Timberwolves forward Anthony Tolliver is heading to New York City on a red-eye flight late tonight – Monday night -- for Tuesday’s meeting of team player reps sounding as torn about how to proceed as he says his teammates and league peers seem to be.
Their most obvious options as Wednesday’s league-issued, take-it-or-leave-it ultimatum approaches: Decide to put an offer that has universally angered players to a vote or proceed toward decertifying the union, a complicated move that if followed through would send the matter to the courts and almost certainly scuttle this season.
“Pretty much everything is split,” he said on his way to the airport after playing in a charity game in Salt Lake City on Monday night. “Half of the people want to decertify. Half the people want to vote on it.”
His unofficial polling includes some teammates and other players in the league. He said he hopes to speak to more of his teammates before the 30 team player reps meeting starting at noon Minneapolis time Tuesday afternoon.
Just like them, Tolliver also said he’s not sure yet what to think.
“Probably my best bet is to sit down and figure out what’s really important,” he said. “I don’t want to make any outlandish comments about it right now. I want to see what everybody else has to say before I decide what I want to do. At this point, I’m split down the middle like everybody else. I don’t know what I want to do.”
Tolliver suggested the best option is to try to talk more with owners, who have offered a 50-50 split of basketball revenues and perhaps more importantly a more restrictive system that would prevent the league’s richest, highest-pay teams from far exceeding the salary cap to pay players.
NBA commissioner David Stern says the league will revert its offer to a 53-47 split in favor of the owner’s and a hard “flex” cap if the players don’t accept by Wednesday’s close of business.
“I think if we get a chance to get back to the owners and adjust the deal a little bit one way or the other, possibly we can vote for it,” he said. “They might force our hand the other way. We’ll see.”
ESPN reported Monday night that several small-market owners – including Portland’s Paul Allen, Charlotte’s Michael Jordan and Milwaukee’s Herb Kohl – held a conference call Monday in which they discussed their displeasure with the league’s offer. The report suggested those owners are hoping the players will reject Stern’s current offer.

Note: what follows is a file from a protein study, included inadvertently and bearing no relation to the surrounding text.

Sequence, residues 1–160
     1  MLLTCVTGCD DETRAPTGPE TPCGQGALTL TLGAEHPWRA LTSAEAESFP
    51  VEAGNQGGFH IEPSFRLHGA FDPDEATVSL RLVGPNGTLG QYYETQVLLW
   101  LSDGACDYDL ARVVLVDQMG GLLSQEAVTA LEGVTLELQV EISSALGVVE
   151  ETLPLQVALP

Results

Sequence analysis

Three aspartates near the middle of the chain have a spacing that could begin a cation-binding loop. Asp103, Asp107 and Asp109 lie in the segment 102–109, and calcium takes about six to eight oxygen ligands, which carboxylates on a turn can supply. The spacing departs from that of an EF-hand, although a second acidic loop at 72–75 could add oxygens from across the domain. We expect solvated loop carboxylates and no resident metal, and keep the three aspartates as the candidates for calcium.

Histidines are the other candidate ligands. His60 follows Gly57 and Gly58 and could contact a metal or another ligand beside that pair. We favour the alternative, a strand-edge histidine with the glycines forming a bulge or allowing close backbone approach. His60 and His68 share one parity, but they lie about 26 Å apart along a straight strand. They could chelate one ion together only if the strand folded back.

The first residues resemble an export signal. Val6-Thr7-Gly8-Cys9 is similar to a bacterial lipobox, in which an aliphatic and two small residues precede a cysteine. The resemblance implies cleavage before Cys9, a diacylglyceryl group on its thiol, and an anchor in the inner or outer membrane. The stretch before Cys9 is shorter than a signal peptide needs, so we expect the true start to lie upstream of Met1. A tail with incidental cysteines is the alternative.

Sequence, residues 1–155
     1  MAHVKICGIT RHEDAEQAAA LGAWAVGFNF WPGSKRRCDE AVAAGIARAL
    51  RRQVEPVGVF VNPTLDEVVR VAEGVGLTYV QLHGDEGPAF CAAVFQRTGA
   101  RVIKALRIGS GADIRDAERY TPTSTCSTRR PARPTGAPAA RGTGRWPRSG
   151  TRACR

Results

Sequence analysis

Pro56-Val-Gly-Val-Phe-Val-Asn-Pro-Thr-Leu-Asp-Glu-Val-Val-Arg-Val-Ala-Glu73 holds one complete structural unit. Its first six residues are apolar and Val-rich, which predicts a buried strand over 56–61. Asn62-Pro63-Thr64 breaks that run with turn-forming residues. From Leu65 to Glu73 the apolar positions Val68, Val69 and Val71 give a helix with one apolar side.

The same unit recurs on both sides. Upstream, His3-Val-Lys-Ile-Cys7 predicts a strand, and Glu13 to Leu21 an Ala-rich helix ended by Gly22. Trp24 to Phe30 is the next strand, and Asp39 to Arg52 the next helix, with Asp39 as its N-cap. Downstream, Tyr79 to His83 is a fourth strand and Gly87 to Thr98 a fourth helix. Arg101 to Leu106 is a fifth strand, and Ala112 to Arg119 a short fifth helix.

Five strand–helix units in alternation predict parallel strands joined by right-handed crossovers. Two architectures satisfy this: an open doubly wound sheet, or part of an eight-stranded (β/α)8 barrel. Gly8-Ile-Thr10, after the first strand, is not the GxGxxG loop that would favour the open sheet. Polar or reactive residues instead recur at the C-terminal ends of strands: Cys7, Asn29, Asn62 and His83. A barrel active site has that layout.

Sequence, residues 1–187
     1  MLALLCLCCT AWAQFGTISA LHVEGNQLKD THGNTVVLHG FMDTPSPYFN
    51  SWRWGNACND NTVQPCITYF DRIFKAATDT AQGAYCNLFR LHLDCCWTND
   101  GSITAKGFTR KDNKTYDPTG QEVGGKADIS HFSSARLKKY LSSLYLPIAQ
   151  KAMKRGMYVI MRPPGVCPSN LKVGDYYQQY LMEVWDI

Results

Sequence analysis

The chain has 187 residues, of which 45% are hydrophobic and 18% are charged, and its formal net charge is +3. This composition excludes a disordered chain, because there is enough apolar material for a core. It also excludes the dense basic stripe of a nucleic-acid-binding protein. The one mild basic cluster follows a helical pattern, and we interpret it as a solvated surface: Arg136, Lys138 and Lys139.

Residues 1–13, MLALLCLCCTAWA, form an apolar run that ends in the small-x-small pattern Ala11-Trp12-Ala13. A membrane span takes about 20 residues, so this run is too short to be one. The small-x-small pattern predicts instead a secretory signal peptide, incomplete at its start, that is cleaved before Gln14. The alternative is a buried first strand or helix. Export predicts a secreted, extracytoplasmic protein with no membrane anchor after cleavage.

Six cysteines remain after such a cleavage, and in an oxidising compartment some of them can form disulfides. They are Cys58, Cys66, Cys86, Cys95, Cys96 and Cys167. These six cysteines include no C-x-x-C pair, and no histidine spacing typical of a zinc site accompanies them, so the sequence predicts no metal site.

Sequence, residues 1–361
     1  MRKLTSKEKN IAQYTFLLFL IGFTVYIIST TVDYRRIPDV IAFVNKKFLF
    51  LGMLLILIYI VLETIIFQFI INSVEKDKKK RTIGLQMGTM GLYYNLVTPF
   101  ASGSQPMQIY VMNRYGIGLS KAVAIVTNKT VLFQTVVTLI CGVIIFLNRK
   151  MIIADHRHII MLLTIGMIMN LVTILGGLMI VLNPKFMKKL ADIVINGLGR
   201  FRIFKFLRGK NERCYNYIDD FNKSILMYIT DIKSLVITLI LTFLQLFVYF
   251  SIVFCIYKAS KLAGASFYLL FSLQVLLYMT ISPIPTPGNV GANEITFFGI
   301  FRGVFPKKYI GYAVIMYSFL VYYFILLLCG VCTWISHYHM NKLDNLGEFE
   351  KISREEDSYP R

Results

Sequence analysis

I asked Tolliver if “angry” accurately describe players’ mood after Stern’s ultimatum offer came after another long, late-night negotiating session ended early Sunday morning.
“Of course,” he said. “As players, we felt like we’ve been taken advantage of. The real reason why guys want to decertify is they felt like the owners really screwed us at the end of the day. I don’t blame them. I feel that, too. At the end of the day, it is what it is. Now we have to decide if this is the best of the worst or if we think we can achieve something better in the courts system.”
And one other thing that might interest you fatalistic Wolves fans:
ESPN's Ric Bucher tweeted Monday night that this might happen to the 2012 draft order if this season is completely lost: Teams would be ranked according to their aggregate record the last three seasons, the teams with the 14 worst record would be in the lottery.
Using that method, the Wolves, of course, easily have the worst combined record of any team in the three seasons -- 56-190 -- and under Bucher's formula would have the best chance of anyone to get the No. 1 overall pick in a draft that's supposed to be as deep as last year's draft was thin.
And, of course, the Wolves don't possess their own draft pick for 2012.
The Clippers own it thanks to that Marko Jaric trade from all those years ago.
Just one more reason to root for a resolution to this mess and a 2011-12 season, no matter how shortened.